Living on the coast of Liguria has advantages, especially like this one!
Oh yeah! I’ll gladly die at the altar of fritto misto di mare, a bountiful rendering of a mix of fried seafood. I’m still going back to the featured image to make sure I wasn’t hallucinating. Sorry, the photo isn’t high-art, but my mouth is still watering.
Before I go into the longer story, I feel compelled to say that there isn’t a day that goes by that I don’t feel incredibly fortunate to live in this slice of paradise. And my “pay it forward” is shouting to the mountaintops that Liguria is an incredible place to live or take an extended holiday. Sadly, most non-Europeans make a beeline to the Cinque Terre. It’s a well-deserved destination with incredible beauty. But Cinque Terre is overrun with tourists and the weather pales in comparison to the western parts of Liguria, where we enjoy significantly more days of sun. In the past forty days, including January and the first part of February, we’ve had perhaps three cloudy or rainy days.
So back to a feast of fritto misto di mare.
Il Pesce Matto (The Crazy Fish) is the place!
On the western side of Imperia in Borgo Prino, Il Pesce Matto sits amongst other seaside bars and restaurants. It has lovely outdoor seating smack dab next to the sea. The view is hard to beat. Inside, it’s larger than one might expect and has two large levels of seating. The staff is exceptionally friendly and the menu, designed like a newspaper, is full of yummy stuff.
A warning: antipasti and primi may fill you up.
That’s the danger if you don’t choose and pace yourself. There are two types of mussels, one in marinara (which, incidentally is a white sauce, not a red one). The other is in a red sauce with nduja, a particularly spicy salami paste/thick puree that hails from Calabria. I’ve had the latter on a previous trip and they were exceptional.
On this outing with family to celebrate my father-in-law’s birthday, I opted for Spaghetti di Gragnano, made with garlic, peperoncino, olive oil, and bottarga (a type of preserved fish roe). It was just the right amount, leaving me just enough space to sample some Linguine della Regina a tutto mare con una leggera gratinatura. It’s packed with a medley of frutta di mare in a red sauce. Take a look at the photo below. Everything about it was exceptional.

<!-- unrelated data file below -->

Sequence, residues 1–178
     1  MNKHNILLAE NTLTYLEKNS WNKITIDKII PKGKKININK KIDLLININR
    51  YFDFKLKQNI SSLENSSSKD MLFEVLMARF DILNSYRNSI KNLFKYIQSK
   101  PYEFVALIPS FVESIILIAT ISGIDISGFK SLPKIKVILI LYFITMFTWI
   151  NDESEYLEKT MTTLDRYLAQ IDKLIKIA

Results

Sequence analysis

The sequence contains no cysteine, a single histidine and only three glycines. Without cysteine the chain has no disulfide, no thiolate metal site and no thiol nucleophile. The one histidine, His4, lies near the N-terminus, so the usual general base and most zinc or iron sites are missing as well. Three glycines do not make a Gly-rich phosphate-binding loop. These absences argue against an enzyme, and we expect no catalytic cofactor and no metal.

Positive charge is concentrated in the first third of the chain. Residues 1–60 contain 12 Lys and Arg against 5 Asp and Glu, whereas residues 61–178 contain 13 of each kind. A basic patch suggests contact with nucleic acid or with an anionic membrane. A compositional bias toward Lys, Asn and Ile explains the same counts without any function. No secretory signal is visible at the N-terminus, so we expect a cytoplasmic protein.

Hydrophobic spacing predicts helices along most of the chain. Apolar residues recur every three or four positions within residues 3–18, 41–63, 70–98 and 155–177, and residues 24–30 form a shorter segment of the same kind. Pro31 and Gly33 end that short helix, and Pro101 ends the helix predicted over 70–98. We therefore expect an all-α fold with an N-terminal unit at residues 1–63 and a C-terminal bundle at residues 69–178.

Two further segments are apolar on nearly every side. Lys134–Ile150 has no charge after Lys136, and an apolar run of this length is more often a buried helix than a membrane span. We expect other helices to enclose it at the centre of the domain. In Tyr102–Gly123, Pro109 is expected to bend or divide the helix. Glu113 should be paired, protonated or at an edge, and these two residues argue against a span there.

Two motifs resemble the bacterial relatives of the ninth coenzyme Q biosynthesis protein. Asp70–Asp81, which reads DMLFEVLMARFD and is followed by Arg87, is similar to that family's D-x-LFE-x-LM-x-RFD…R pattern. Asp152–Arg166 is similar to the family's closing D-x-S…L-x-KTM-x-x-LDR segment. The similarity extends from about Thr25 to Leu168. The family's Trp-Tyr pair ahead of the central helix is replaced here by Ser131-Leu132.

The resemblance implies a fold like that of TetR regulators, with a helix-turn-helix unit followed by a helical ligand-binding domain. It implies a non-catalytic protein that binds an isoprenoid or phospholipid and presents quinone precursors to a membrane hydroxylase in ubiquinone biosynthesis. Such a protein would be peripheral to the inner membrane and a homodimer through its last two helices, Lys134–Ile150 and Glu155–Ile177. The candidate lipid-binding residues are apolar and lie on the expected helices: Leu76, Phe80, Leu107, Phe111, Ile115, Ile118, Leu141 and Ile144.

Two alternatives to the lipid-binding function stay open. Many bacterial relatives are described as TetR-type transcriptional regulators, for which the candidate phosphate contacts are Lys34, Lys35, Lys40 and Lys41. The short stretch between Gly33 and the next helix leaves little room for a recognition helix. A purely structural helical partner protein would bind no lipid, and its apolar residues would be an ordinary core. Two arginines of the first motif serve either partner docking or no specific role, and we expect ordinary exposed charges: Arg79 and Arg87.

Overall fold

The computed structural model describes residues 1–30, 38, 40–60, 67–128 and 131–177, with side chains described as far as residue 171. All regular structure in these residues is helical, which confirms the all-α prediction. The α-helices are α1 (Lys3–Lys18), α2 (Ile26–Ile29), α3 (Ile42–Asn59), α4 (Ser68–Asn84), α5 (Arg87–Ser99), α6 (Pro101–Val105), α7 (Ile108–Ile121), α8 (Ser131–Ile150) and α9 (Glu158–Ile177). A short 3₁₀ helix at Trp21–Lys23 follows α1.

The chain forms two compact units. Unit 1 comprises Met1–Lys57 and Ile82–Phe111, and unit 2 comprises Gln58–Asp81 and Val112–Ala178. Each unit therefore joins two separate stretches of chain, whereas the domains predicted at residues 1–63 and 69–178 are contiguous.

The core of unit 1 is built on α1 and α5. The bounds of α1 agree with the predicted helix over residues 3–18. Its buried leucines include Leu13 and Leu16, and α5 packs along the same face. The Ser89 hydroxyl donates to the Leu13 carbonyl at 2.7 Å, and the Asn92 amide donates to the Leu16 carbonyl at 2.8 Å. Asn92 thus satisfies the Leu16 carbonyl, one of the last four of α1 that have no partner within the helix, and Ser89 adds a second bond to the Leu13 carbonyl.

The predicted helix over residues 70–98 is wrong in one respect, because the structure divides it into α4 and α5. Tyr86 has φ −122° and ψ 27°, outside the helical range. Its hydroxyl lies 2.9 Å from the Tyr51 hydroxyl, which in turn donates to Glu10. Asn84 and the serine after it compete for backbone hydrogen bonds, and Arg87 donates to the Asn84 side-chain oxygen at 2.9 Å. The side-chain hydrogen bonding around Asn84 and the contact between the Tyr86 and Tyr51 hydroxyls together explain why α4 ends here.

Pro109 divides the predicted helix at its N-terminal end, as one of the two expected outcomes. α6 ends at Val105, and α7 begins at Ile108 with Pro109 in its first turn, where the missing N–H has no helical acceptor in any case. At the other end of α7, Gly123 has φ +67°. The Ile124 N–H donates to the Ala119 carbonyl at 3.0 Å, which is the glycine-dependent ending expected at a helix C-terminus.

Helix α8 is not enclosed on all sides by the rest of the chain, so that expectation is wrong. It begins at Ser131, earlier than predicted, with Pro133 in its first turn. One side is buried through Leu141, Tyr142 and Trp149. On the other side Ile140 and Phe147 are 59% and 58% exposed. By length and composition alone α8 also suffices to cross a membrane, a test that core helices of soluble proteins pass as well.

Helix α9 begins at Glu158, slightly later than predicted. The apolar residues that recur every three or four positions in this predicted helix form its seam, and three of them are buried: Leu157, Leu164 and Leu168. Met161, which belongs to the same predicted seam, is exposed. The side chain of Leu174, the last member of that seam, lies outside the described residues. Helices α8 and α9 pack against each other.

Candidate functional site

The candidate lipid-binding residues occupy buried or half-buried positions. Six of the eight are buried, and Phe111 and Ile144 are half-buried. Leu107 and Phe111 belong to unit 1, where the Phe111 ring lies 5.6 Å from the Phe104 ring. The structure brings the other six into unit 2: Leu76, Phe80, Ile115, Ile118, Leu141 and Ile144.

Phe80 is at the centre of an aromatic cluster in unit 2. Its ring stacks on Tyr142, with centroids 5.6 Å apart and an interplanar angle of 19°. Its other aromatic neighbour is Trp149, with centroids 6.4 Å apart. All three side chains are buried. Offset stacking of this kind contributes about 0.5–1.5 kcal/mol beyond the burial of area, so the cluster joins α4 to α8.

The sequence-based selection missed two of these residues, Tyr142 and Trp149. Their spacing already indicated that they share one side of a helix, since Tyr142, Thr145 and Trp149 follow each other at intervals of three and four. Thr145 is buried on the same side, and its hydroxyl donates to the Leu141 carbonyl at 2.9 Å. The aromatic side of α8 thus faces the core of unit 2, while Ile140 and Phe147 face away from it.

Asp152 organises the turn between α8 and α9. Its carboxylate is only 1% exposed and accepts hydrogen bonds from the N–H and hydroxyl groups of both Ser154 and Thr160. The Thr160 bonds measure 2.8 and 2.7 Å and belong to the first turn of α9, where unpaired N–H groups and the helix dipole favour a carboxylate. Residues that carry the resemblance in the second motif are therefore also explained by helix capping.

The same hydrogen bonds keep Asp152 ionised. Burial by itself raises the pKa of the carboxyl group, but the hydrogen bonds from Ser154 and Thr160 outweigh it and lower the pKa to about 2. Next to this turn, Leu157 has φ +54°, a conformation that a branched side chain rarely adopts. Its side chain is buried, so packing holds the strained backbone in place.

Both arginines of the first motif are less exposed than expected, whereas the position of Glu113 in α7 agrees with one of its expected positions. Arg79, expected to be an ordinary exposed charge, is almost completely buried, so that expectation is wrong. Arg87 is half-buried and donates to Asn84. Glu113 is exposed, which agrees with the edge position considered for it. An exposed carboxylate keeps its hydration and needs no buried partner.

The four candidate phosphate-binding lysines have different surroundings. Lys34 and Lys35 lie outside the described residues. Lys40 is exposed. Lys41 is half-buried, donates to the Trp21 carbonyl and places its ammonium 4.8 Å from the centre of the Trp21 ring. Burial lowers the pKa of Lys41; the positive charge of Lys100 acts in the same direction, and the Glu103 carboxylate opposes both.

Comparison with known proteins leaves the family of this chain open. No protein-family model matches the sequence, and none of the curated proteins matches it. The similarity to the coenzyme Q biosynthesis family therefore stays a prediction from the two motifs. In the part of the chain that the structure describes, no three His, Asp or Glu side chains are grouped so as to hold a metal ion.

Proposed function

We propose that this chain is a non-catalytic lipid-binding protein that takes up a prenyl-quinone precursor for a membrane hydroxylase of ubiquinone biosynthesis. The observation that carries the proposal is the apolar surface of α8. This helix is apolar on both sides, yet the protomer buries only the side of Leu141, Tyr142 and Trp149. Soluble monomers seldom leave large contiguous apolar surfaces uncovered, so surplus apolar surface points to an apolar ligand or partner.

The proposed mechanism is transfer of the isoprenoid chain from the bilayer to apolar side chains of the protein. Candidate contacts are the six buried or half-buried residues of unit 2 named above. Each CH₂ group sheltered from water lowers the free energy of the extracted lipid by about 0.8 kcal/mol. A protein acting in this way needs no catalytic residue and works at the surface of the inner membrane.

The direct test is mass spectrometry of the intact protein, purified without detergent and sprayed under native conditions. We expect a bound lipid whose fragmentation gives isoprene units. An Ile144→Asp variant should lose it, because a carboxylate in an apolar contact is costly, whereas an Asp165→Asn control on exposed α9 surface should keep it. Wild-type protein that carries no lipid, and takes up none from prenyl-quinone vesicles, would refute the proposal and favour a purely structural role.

Then, the main event, the fritto misto di mare.
The official title on the menu is “Orrizontale di Fritto Misto di Pesce e Verdure.” That means, “Horizontal of Mixed Fried Fish and Vegetables.” It comes in centimeters of portions: 30 cm for 1, 60 cm for 2/3, and 100 cm (1 meter) for 4/5. We ordered the big guy! Talk about oohs and ahhs when then giant plank laden with the lightly battered and fried seafood and vegetables.
Sitting there in amazement I wished that my parents were alive to witness and consume this along with me. They were responsible for my sisters’ and my current addiction to seafood.
Now, I understand the name of the restaurant and why “crazy” is the distinguishing adjective. When I saw that meter-long seafood feast being placed at the center of our table, I thought, “This is crazy!” Some people say that presentation is everything, which does indeed help. But this medley of calamari, shrimps, small fish, totano (aka European Flying Squid), zucchini, onions, carrots (and more) was crazy delicious.
Cellphones flew into position to immortalize this fritto misto di mare. With bragging rights images securely captured, phones were put away and we began devouring the seafood feast.
While I thought we’d never be able to eat it all, we did make a sizable dent, leaving scant evidence of what had been piled on the large plank just fifteen minutes before.
Then a specially-rendered tiramisu
We’d spied a couple at an adjacent table partaking of this dessert fantasy. The restaurant’s signature creation of a revered final course includes a classic Italian Moka pot (read about its history here), used to make espresso on the stovetop.
The tiramisu is cooked in the bottom and the top houses thick melted chocolate. When the Moka pot arrives, it’s unscrewed, revealing the treasure in its base. Then thick freshly whipped cream is generously dolloped on top to your liking. The crowning touch is pouring the densely delicious chocolate on top.
And here I’d been thinking that the fritto misto di mare was the only thing making this restaurant an out-of-the-ordinary experience.
Most the family concluded with an espresso. I chose a grappa bianca. I’ve come to swear by grappa as a really effective digestivo to ward off feeling that I’ve entered into food coma territory!
We’ll be going back, again and again.
Imperia offers so many options for incredible seafood. But Il Pesce Matto has moved to the top of our list. And if you find yourself in beautiful Imperia, or anywhere close by, I highly recommend that you experience it for yourself.
Il Pesce Matto
Lungomare C. Colombo, 140, 18100 Imperia IM
Daily: 12:00 to 14:30 and 18:30 to 23:00